Music

Nude Beach helps expand garage rock genre with II

NudeBeachII

II

Nude Beach

Release Date: Aug 14, 12

  1. 1
  2. 2
  3. 3
  4. 4
  5. 5
  6. 6
  7. 7
  8. 8
  9. 9
  10. 10

It’s been over ten years since the release of the Strokes’ enormously popular debut album, Is This It. Though the Strokes may not be solely responsible, they are a pivotal part of the increasingly strong presence garage rock has had in America in the past ten years. Today’s garage rock is producing just as many significant bands in America as when the genre first started. People are still playing in garages (or at the very least, DIY spaces), but garage rock has become so much more than that. The genre is its own galaxy that somehow keeps expanding. It’s power pop-leaning, twee pop-leaning, dissonant noise punk-leaning, and a whole hell of a lot of other things, but that defiance, that spirit of 65 is there and ready to rock your faces in.

So now that garage rock has such a universal presence, we are left with forward-looking, but classically-leaning bands like Brooklyn’s Nude Beach. Nude Beach effectively play a similar card to what the Strokes did ten years earlier. They’re 70s rock sounding, sure, but they have clearly done enough songwriting homework to ingest elements of every decade in pop and rock. On their second album, and first wide release, aptly entitled II, Nude Beach prove that 70s/80s-record obsessives have plenty of know-how to start a timeless and exciting rock ‘n roll band.

Openers are integral for a rock ‘n roll band, and Nude Beach pull it off perfectly on opener “Radio.” The song immediately shows that these guys don’t mess around, sounding like if Tom Petty was a bit more nascent and energetic in the way that bands like The dB’s or The Plimsouls were. “Walkin’ Down My Street” is definitely a bit more like everyone’s rock ‘n roll hero, Bruce Springsteen. The chord changes, the vocal delivery and the chorus all recall the boss, but not in a biting way, as much as a clever-yet-amateur way. Then we have the Velvet Underground-referencing-title, “Some Kinda Love.” “Some Kinda Love” is one of the band’s more modern sounding tracks, but the upbeat jangly guitars equally remind me of a combination between Mean Jeans and early-career Chris Penn…except that this band knows how to do a power pop breakdown.

Now just because Nude Beach excellently rock, doesn’t mean that they don’t know how to slow it down for a somber or romantic moment. These quieter tracks – “You Make It So Easy,” “Love Can’t Wait,” and “Don’t Have To Wait” – are all perfectly placed and emotionally soulful yet still somehow a lot of fun. On “You Make It So Easy” the band’s singer bluntly states “I don’t wanna do you like that, but you make it so easy babe;” while on “Don’t Have To Wait” the band goes in Otis Redding-like territory and gets deep soul on us as some soulful vocals, a blues-y riff and hammond organ chime together one of the best tracks on the album.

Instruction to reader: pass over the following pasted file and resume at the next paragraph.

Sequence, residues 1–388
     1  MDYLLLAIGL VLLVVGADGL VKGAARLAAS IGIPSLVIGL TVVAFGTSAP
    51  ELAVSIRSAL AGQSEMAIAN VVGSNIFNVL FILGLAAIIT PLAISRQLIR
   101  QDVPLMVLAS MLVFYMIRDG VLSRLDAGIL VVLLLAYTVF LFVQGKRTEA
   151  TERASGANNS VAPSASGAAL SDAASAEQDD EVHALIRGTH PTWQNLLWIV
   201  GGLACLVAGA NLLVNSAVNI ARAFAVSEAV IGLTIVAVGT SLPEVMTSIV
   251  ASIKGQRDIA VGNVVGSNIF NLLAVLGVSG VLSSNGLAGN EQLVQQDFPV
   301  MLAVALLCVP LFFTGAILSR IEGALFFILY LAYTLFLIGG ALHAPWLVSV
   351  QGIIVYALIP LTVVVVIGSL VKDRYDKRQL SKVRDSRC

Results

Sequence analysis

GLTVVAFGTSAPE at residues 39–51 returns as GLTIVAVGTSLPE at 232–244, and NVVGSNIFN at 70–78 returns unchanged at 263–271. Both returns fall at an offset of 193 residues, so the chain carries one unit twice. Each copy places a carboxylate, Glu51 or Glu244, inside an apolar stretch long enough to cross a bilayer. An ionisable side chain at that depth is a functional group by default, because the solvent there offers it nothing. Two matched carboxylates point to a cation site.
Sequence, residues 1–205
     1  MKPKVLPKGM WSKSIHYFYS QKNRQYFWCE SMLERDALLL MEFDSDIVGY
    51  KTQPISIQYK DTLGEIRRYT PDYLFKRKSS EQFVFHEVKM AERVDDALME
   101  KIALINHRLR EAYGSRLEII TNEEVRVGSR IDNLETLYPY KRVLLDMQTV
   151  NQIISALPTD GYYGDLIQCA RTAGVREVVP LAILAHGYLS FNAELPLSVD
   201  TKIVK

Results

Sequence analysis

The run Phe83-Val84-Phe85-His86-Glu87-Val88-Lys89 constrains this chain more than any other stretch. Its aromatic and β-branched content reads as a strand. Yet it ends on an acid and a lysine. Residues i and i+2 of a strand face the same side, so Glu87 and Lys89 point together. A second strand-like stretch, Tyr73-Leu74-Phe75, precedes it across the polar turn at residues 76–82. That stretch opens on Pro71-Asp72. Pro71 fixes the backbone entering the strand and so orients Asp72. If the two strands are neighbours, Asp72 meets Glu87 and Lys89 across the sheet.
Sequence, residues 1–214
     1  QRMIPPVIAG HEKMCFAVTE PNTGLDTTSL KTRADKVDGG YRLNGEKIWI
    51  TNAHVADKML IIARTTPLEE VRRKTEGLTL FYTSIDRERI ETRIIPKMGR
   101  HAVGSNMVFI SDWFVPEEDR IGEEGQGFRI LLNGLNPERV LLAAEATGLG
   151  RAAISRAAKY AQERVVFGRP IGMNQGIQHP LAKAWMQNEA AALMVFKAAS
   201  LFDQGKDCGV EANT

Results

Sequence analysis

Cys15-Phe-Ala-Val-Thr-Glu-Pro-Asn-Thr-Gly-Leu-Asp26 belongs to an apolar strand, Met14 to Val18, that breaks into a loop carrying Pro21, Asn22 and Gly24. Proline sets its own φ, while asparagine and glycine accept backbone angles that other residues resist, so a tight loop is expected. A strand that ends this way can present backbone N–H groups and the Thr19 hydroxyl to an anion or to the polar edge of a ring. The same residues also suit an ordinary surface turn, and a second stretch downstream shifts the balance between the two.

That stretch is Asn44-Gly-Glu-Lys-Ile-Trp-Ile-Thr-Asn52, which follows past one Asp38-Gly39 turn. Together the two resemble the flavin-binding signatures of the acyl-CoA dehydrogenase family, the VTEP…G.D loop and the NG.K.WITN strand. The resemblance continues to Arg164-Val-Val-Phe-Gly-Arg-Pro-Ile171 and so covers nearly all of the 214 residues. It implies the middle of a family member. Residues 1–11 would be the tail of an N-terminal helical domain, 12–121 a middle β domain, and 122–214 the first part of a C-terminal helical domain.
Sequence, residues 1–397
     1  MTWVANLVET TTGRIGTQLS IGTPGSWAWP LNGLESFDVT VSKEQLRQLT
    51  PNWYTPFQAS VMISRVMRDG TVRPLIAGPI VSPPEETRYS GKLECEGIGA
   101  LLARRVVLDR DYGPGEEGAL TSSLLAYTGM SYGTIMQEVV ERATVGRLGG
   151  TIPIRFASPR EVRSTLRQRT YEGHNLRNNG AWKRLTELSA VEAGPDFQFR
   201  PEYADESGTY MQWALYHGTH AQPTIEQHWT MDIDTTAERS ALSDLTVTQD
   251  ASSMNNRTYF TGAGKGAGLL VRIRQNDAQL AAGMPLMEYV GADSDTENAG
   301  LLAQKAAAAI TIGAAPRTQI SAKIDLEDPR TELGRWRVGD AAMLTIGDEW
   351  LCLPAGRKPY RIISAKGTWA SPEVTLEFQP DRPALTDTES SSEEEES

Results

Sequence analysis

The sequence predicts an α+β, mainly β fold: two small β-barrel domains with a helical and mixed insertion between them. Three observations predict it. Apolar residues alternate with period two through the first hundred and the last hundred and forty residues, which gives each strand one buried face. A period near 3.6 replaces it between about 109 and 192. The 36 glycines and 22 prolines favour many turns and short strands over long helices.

The very first sign of indie rock-study for the band is on the Wedding Present-like speed-jangle “Cathedral Echoes.” “Catholic Echoes” along with closer “Loser In The Game” are the best two songs on the album, and perhaps the most modern-sounding out of the lot. It’s interesting, as retroactively involved that this band is, it’s when they sound most “2012,” that they really show potential to shine. II is full of these moments, but on the aforementioned two is where they just haphazardly go full-force with it. Nude Beach’s brilliantly penned ten tracks and II might show the greatest potential for a band to be equally connected to the mainstream and independent world in quite some time.

Being a band (and more specifically, one that plays a fusion of Replacements/Petty-like power pop with the effectiveness of garage rock) that doesn’t have any synths or samples and then being based in Brooklyn these days is oxymoronically rebellious these days. The birthplace of art rock with bands like The Mothers of Invention and The Velvet Underground, continues to be a safe haven for like-minded bands, but seems to be full of stagnancy and publicist-influenced “independent music.” Considering Nude Beach’s second album is released on the new imprint of a local record shop, it’s quite clear that despite the band’s ears being planted in the clouds, their feet sit firmly on the ground. I can’t quite tell if they’re a band trying to conquer the rock world or one that may just do so due to their poppy garage rock sound. One thing’s for sure is that Nude Beach successfully manage to coerce listeners’ with their familiar sound, but confirm fanhood by how amazing their songs are. II is a timeless album, and Nude Beach may very well be America’s next big thing.